“If we betray that confidence, we know we won’t get the truth going forward,” he said. “We do everything we can to build and keep that trust.” He noted that some employee engagement surveys aggregate data in a manner so that no demographic data is revealed unless there are at least five or six responses.

 

Addressing Employee Discontent

If a survey reveals widespread discontent in a department, whether a leader will be able to address employee concerns will depend on how candid workers feel they can be with that leader.

“They need to trust that leader, and trust that there won’t be retaliation for speaking the truth,” Peshawaria said.

“To earn trust, [a leader] should have demonstrated all along that he cared about his employees, and should not have waited until the survey to find out that there was a morale problem,” he said. “Surveys are a very poor substitute for daily face-to-face communication. The idea is to create enough trust such that people can speak up without having to hide behind surveys. Keep talking to your people all year long, stay in touch with their issues and keep inspiring them about the mission and purpose of the organization.”

[SHRM membersonly toolkit: Developing and Sustaining Employee Engagement]

When leaders do learn of morale problems through surveys, “their reactions can range from denial and defensiveness, to an embracing attitude that looks at the results as a baseline measure upon which improvements can be made,” Foley and Connolly said.

“It is incumbent upon the organization being surveyed, as well as [any] outside consultant, to help foster an environment where the survey is seen as an integral and on-going way of doing business, not a means for retribution,” they said.

For instance, workers aren’t likely to be honest about their concerns if a manager has a habit of yelling at or berating direct reports, is prone to discount their suggestions, or tends to grow defensive or to cast blame when something reflects poorly on his department. In addition, they said, a manager who discovers low morale among his workers, then calls a brief, half-hour meeting and asks them to discuss their concerns, tends to send the message that their concerns aren’t that important.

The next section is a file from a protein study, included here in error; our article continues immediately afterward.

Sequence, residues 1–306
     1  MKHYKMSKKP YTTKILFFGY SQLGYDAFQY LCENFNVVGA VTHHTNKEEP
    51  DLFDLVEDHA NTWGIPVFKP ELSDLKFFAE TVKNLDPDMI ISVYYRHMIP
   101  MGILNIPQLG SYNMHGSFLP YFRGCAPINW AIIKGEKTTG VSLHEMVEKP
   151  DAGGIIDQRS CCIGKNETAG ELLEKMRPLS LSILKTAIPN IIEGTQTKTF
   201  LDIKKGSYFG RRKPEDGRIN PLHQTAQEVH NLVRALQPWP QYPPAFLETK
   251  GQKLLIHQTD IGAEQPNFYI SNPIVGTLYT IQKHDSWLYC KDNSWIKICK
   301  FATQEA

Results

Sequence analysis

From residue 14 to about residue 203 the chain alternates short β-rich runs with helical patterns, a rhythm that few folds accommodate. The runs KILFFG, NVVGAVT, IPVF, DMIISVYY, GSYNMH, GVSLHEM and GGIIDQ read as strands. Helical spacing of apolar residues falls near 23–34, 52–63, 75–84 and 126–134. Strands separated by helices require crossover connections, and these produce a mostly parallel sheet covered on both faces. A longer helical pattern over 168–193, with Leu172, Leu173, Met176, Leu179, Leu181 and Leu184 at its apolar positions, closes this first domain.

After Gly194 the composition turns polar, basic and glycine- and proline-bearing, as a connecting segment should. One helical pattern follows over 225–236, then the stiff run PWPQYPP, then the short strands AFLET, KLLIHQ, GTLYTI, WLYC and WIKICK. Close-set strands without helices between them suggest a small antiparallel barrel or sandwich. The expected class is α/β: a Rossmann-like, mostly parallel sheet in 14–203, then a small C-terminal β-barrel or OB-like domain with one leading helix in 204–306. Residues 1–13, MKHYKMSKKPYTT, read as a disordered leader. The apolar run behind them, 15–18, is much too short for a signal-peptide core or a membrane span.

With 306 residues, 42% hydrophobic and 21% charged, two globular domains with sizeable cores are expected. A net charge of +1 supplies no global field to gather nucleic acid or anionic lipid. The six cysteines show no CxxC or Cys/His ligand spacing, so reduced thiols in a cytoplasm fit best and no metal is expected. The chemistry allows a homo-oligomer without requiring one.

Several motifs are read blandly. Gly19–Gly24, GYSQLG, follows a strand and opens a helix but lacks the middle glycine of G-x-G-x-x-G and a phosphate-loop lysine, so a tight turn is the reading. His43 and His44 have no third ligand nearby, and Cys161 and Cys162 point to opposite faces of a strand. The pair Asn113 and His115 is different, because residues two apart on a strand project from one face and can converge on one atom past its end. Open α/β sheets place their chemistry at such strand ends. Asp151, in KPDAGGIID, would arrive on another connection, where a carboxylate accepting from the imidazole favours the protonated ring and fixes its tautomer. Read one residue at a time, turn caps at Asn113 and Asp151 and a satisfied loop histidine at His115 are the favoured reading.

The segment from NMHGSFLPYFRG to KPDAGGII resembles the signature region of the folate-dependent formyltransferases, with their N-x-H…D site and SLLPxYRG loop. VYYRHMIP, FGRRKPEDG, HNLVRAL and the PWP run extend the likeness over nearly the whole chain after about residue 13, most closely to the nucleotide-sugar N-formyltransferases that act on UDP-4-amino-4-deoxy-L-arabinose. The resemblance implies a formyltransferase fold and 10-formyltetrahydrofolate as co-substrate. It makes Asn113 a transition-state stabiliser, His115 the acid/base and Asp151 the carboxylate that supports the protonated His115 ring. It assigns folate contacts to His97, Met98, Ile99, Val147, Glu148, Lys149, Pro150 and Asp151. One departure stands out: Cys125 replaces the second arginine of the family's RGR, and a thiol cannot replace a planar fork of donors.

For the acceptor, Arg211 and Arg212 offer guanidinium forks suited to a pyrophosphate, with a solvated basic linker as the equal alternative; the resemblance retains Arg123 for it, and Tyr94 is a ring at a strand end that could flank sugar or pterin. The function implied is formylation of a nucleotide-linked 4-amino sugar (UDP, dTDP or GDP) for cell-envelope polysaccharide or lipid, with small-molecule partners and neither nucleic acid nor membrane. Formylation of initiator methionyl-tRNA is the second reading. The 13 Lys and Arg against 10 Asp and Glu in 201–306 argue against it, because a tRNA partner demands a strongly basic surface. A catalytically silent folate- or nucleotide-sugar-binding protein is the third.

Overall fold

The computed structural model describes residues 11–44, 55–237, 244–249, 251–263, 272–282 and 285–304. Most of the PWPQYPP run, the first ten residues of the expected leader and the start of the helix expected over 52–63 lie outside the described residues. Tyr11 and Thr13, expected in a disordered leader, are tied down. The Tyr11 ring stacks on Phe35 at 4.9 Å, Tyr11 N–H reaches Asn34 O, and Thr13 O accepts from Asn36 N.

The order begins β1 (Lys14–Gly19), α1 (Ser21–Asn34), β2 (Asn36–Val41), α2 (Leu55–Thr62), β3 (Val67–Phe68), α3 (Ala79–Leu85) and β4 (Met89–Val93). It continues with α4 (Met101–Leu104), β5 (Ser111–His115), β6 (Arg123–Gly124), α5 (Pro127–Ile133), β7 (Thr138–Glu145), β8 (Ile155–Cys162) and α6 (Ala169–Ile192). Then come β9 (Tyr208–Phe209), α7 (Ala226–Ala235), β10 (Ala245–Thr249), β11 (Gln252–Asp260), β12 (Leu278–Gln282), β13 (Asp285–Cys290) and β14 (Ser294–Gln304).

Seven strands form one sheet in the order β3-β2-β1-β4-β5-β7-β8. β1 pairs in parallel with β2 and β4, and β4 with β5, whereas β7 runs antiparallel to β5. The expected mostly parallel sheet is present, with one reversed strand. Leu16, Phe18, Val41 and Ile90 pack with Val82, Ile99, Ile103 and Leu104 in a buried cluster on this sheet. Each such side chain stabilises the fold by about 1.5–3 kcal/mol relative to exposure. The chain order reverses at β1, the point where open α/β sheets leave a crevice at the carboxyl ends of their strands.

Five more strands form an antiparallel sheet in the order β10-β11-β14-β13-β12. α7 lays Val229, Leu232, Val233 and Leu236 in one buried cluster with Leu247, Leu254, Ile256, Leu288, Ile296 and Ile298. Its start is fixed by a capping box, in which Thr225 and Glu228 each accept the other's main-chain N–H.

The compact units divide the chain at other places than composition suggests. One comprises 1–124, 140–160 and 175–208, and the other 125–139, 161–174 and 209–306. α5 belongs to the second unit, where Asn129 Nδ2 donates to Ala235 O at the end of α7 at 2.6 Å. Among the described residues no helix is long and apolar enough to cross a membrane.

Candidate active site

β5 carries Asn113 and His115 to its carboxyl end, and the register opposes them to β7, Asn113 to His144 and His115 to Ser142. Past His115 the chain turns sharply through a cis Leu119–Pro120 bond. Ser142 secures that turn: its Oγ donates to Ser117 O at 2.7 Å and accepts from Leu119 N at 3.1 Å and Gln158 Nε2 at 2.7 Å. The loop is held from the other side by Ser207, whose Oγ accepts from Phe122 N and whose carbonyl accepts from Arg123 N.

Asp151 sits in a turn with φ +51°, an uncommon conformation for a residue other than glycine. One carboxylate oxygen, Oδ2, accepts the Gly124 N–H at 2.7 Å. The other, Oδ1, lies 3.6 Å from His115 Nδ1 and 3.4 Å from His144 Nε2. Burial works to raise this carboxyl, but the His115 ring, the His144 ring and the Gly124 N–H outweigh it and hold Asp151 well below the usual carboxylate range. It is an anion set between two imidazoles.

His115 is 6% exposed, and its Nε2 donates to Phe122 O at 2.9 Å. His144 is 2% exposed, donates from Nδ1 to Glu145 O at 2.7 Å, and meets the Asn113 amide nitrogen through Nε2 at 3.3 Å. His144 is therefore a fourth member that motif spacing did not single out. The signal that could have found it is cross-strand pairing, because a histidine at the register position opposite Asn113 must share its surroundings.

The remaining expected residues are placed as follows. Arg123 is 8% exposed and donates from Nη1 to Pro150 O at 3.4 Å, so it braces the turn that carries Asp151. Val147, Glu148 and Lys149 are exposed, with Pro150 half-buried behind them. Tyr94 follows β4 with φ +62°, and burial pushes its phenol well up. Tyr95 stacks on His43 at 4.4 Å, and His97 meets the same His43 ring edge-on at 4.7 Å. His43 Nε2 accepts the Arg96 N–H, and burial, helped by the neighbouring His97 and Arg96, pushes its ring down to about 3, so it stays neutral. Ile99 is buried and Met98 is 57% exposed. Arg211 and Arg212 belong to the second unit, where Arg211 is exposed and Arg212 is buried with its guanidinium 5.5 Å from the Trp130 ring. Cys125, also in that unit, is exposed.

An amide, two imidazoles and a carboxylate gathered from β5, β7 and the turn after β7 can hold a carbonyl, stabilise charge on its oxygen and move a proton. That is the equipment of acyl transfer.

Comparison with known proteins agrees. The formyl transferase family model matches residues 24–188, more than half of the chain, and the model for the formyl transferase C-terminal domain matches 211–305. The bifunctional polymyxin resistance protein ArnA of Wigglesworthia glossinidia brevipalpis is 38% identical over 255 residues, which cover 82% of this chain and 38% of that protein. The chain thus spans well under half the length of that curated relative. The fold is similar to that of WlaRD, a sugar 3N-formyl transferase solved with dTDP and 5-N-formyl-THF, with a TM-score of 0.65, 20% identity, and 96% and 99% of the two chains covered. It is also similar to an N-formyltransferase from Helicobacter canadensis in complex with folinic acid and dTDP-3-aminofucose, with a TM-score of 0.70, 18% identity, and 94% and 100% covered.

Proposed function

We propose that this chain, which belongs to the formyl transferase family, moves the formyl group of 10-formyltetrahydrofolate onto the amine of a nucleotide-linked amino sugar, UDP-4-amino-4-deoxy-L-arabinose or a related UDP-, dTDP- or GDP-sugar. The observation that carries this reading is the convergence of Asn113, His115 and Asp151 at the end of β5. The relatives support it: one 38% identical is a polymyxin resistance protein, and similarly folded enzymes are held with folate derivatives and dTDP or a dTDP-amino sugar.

“Employee survey results are not opportunities to take employees to task,” Riley said. “Approaching the responses with the employees’ best interests in mind is a start. The key is to be open and listen—and if there’s a problem, strategize on how to approach fixing it.”

If employees are not comfortable being candid with their manager, a third-party facilitator can be very effective, Foley and Connolly said. “Bringing in an outside facilitator to conduct focus groups and generate actions for improvement … can often be a way of … generating ideas for re-establishing trusting relationships.”

Finally, they said, the survey will only be as successful as the effort managers put into post-survey change. “For employees to trust that the [time] they take out of their day to respond to a survey is worthwhile, they need to see managers sharing the survey responses with their team in a constructive way, asking for ideas on how to improve and making a commitment to these changes.”